26. Lightfoot, M. A., Kasirye, R., Comulada, W. S., & Rotheram-Borus, M. J. (2007). Efficacy of a culturally adapted intervention for youth living with HIV in Uganda. Prevention Science, 8, 271–273.PubMedCrossRefGoogle Scholar
  27. Marek, L. I., Brock, D. P., & Sullivan, R. (2006). Cultural adaptations to a family life skills program: Implementation in rural Appalachia. The Journal of Primary Prevention, 27, 113–133.PubMedCrossRefGoogle Scholar
  28. Odom, S. L., Fleming, K., Diamond, K., Lieber, J., Hanson, M., Butera, G., et al. (2010). Examining different forms of implementation and in early childhood curriculum research. Early Childhood Research Quarterly, 25, 314–328.PubMedCrossRefGoogle Scholar
  29. Ozer, E. J., Wanis, M. G., & Bazell, N. (2010). Diffusion of school-based prevention programs in two urban districts: Adaptations, rationales, and suggestions for change. Prevention Science, 11, 42–55.PubMedCrossRefGoogle Scholar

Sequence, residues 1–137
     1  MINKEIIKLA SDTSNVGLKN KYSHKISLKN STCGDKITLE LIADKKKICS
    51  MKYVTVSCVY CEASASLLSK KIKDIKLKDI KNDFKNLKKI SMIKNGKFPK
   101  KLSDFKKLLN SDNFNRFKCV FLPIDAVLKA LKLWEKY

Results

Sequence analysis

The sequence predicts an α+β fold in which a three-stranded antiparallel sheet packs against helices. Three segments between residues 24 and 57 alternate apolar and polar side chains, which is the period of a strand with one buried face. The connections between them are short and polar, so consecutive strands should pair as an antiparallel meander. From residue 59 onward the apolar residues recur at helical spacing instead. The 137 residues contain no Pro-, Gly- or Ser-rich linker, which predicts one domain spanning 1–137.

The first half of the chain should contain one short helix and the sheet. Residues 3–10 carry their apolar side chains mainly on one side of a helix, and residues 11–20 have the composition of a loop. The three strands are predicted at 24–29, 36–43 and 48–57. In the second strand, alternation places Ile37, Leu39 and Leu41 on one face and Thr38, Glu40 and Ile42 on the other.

30. Perez, D., Lefèvre, P., Castro, M., Sánchez, L., Toledo, M. E., Vanlerberghe, V., et al. (2011). Process-oriented fidelity research assists in evaluation, adjustment and scaling-up of community-based interventions. Health Policy and Planning, 26(5), 413–422.Google Scholar
  31. Resnicow, K., Soler, R., Braithwaite, R. L., Ahluwalia, J. S., & Butler, J. (2000). Cultural sensitivity in substance use prevention. Journal of Community Psychology, 28, 271–290.CrossRefGoogle Scholar
  32. Rhoades, B. L., Bumbarger, B. K., & Moore, J. E. (2012). The role of a state-level prevention support system in promoting high-quality implementation and sustainability of evidence-based programs. American Journal of Community Psychology, 50, 386–401.PubMedCrossRefGoogle Scholar
  33. Ringwalt, C. L., Pankratz, M. M., Hansen, W. B., Dusenbury, L., Jackson-Newsom, J., Giles, S. M., et al. (2009). The potential of coaching as a strategy to improve the effectiveness of school-based substance use prevention curricula. Health Education & Behavior, 36, 696–710.CrossRefGoogle Scholar